Blogalongabond: The Man With The Golden Gun

Blogalongabond: The Man With The Golden Gun

NINE down, 13 to go in the saga that is Blogalongabond, in which movie reviewers and bloggers dissect the 007 series one film at a time.

My girlfriend (a Bond neophyte) and myself have been joining in the fun and this week watched The Man With The Golden Gun.

Her: This may be controversial, but I think Roger Moore might be the best Bond so far. Maybe it's just the films have been better or that I haven't seen a bad one with Moore in it yet, but he's my favourite.

Me: Are you just saying that 'cos you think Moore is sexier than Connery?

Her: Hmmm... I don't know which is sexier. Let's just say I wouldn't mind being the guest of honour in their threesome.

Me: Umm... ok... anyway... I'm taking it that you liked The Man With The Golden Gun then?

Her: Definitely. Moore's two from two in my book. I don't think he's as cheesy as Connery, or he doesn't have as many cheesy lines. Either way, I found this more enjoyable because it had fewer groan-worthy moments.

Me: I know you loved Live And Let Die - is this as good as that one?

Her: No, probably not, although I found it more believable because it didn't have the voodoo stuff or people walking over alligators.

Me: But this one had a flying car... which is either the coolest thing ever or the lamest. I can't decide.

Her: Yeah. Ok, except for that.

Me: It also had some of the worst kung fu fighting I've ever seen, which was obviously just thrown in to capitalise on the Bruce Lee craze.

Her: True. But do you know what was even worse than the crappy martial arts?

Me: Yes, I do - it was that stupid frickin' sound effect they put over the barrel-roll car stunt. Perhaps the coolest stunt in the history of Bond, spoilt by some ridiculously infuriating whistle noise. It was like George Lucas making Darth Vader say 'Noooooooo!' on the Blu-ray edition of Return Of The Jedi. Way to spoil the moment.

Her: Correct, Star Wars nerd. Great stunt, well ruined.

Me: So what did you like about The Man With The Golden Gun?

Her: I really liked Tic-Tac.

Me: Nick Nack.

Her: Whatever. He should have been called Tic-Tac. Because he's little, like a Tic-Tac. And that guy from Lord Of The Rings was good - Saruman.

Me: Scaramanga.

Her: Whatever. And I thought the plot was pretty good. Nice and believable, flying cars aside. The title sequence was certainly better than Live And Let Die.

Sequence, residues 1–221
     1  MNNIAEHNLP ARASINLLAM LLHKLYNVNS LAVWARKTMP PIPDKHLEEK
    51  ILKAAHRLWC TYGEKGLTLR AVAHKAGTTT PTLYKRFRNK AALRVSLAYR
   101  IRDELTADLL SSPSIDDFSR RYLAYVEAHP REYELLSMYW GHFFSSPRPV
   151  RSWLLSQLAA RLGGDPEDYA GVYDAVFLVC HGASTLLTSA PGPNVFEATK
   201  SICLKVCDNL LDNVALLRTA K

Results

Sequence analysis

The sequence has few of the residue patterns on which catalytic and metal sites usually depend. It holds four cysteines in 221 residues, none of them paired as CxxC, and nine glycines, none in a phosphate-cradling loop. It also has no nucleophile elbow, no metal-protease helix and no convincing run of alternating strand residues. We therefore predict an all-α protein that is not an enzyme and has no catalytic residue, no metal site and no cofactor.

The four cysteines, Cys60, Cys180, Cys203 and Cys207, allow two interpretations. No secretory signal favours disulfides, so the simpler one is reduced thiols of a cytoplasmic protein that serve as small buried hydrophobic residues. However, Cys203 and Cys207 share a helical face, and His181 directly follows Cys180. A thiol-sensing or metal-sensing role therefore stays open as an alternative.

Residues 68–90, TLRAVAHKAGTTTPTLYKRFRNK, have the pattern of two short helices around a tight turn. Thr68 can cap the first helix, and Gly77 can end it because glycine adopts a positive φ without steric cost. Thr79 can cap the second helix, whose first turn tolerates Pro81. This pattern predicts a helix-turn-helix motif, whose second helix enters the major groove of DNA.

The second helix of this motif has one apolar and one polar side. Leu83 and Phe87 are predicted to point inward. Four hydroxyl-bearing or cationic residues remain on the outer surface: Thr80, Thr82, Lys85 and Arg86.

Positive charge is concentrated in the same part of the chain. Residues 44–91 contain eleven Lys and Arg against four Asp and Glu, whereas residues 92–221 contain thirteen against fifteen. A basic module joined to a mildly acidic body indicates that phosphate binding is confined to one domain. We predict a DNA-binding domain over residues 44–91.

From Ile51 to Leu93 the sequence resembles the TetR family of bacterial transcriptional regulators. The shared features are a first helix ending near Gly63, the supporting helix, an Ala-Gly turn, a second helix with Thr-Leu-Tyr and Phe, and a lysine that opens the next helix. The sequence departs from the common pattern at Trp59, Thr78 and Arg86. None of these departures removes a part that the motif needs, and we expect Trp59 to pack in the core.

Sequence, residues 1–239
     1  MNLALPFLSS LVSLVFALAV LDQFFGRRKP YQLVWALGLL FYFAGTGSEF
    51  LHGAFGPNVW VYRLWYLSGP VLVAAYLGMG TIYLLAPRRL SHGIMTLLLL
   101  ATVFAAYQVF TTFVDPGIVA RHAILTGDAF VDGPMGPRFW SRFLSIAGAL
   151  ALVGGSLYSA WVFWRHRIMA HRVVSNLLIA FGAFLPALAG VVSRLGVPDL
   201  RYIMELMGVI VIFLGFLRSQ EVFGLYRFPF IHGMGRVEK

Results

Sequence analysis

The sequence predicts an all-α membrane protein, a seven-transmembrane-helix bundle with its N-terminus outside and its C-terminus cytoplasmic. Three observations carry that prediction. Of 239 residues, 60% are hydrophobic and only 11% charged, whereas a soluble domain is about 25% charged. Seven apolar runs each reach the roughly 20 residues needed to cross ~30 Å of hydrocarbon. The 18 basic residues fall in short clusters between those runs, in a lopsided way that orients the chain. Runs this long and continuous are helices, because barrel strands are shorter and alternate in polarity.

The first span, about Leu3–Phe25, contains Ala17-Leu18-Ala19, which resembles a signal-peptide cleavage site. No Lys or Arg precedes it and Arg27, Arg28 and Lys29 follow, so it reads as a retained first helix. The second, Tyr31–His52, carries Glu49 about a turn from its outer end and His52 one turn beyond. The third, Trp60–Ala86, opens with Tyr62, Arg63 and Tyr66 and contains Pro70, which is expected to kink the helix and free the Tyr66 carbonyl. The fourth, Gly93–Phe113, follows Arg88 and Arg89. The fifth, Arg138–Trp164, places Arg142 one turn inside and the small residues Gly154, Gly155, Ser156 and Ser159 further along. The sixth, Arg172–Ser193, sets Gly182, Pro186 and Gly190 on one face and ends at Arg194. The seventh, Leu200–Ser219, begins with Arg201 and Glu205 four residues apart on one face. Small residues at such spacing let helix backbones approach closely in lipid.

Me: Indeed, but that has to be one of the worst Bond themes ever - certainly the worst so far.

Her: Yeah, you're right. On the plus side, the set design was fantastic.

Me: Definitely. I think this was probably one of the best-looking Bonds yet. Scaramanga's lair was awesome, even his funhouse killing floor was great, and the skewed shipwreck-turned-secret base was stunning.

Her: I also liked the return of JW Pepper.

Me: Really? I found him barely tolerable in Live And Let Die, but just painful in The Man With The Golden Gun.

Her: It's starting to sound like you didn't like this one very much.

Me: No, I actually did. But it's weird - this was one of my favourites when I watched most of them as a teenager. I loved the barrel-roll car stunt, I loved the golden gun, and I thought Scaramanga was a cool villain, but I think I was blinded to a lot of the faults. Such as some of the plot-holes - MI6 doesn't test the golden bullet that is sent to them at the start of the film, yet Bond travels to Beirut to find another bullet connected to Scaramanga so it can be tested. Or how Andrea Anders doesn't tell Bond when they first meet that she sent the golden bullet and that he was the only man that could save her and only tells him much later in the film. Things like that bothered me this time around. Having said that, I still think The Man With The Golden Gun is good, despite its many flaws. As you said, the set design is great, Moore does a good job, Scaramanga is a great villain because he's Bond's equal and Lee plays him with subdued style, and the Bond girls are quite good. Maud Adams gives Andrea Anders the right amount of vulnerability and inner strength, while Britt Ekland's Goodnight is endearing because she's obviously trying hard to be a good agent yet is clumsy and clearly smitten with Bond.

Her: Yes, but how dumb is the bit where she hits the button with her button? How could you not know when you've hit something with your butt?

Me: Maybe she has a desensitised arse?

Her: You're gross.

Me: Whatever. Look, my point is that for all its flaws, The Man With The Golden Gun somehow works. It never quite tips totally into stupidity or campiness, but it never quite achieves the greatness of Live And Let Die or the better Connery films.

Her: Well, I liked it. It's one of my favourites.

Me: Many Bond afficianados consider it to be one of the worst.

Her: They're obviously jerks.